The Goldfinch film review: lacking in momentum

Ansel Elgort as Theo Decker and Nicole Kidman as Mrs Barbour in The Goldfinch.
Ansel Elgort as Theo Decker and Nicole Kidman as Mrs Barbour in The Goldfinch.

AT two-and-a-half hours, a film that length has to earn its audience attention and while The Goldfinch is not an arduous viewing experience, it can hardly be called pacy.

Adapted from the well-loved 2013 novel by Donna Tartt, the story follows Theo Decker (Oakes Fegley as a 13-year-old and Ansel Elgort as a young adult), whose world is turned upside down when he is caught up in a bomb explosion at a New York art gallery where his mother is killed.

Miraculously, the painting he was admiring just before the explosion survives, Carel Fabritius’ The Goldfinch, and he rescues it from the rubble.

The painting becomes a link to his mother as he is moved from New York to live with his previously absent father (Luke Wilson), but as an adult his illicit possession of the artwork gets him tangled up in a world of crime.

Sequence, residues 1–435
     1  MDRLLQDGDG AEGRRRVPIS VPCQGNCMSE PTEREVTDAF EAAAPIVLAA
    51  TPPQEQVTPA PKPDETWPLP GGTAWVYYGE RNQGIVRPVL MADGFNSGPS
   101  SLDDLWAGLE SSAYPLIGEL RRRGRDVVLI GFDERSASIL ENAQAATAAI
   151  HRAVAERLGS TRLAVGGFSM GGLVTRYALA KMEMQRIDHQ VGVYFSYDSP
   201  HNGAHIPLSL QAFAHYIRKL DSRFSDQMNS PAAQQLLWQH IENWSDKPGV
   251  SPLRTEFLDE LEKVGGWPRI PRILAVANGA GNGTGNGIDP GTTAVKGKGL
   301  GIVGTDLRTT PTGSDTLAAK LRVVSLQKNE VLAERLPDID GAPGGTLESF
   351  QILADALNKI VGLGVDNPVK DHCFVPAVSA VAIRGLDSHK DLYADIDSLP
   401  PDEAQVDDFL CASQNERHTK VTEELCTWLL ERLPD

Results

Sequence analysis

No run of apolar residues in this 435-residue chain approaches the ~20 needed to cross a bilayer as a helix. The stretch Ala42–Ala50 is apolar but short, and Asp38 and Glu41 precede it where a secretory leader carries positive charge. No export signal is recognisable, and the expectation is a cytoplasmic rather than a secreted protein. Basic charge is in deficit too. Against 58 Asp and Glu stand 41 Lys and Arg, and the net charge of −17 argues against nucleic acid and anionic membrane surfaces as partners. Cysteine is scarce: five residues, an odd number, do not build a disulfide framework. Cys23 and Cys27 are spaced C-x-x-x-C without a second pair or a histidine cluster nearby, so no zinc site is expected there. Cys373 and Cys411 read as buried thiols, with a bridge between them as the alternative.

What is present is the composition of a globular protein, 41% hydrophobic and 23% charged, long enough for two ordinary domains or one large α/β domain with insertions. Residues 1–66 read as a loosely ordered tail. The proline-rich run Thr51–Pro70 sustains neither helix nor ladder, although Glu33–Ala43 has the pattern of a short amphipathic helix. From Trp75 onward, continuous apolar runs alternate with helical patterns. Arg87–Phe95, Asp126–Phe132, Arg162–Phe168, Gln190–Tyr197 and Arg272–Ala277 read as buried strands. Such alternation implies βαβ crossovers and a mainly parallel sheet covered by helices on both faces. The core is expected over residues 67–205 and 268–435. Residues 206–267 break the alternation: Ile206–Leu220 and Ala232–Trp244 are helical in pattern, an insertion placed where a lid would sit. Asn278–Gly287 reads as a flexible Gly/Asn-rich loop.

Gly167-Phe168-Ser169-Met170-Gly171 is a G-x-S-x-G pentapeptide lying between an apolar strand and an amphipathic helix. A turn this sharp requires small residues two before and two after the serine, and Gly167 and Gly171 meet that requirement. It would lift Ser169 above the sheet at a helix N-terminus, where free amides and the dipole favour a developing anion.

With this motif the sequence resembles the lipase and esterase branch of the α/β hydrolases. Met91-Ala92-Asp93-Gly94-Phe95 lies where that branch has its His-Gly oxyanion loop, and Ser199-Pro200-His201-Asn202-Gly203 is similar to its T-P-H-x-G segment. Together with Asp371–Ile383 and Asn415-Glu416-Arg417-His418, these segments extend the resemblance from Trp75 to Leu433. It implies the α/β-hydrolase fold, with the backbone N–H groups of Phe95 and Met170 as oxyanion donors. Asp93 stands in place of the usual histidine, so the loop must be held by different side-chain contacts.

Nicole Kidman as Mrs Barbour and Oakes Fegley as Theo Decker.

Theo is played by Fegley for about half the film and effectively portrays his abject trauma and sorrow, emphasised by flashbacks to the explosion.

He also shows that Theo is still a teenage boy, particularly when he becomes friends with Ukrainian teenager Boris (Finn Wolfhard, Aneruin Barnard as an adult) as they run amuck through the suburban wastelands of Las Vegas.

Ansel Elgort as Theo Decker.

A plethora of renowned actors make the most of their archetypical roles: Nicole Kidman as the elegant Mrs Barbour who takes Theo in after the explosion, Sarah Paulson as Xandra the tacky girlfriend of Theo’s father and Jeffrey Wright as Hobie the measured antique furniture restorer.

Ansel Elgort as Theo Decker and Willa Fitzgerald as Kitsey Barbour.

But when Theo ages into Elgort, the film loses its momentum and a convoluted plot concerning drug gangs and dodgy furniture dealing distracts from the central idea of art as a way to work through grief and connect with those we love.


The Goldfinch (M)

Directed by: John Crowley

Starring: Ansel Elgort, Nicole Kidman, Oakes Fegley

Three stars

Review by Lucy Rutherford

In cinemas September 26

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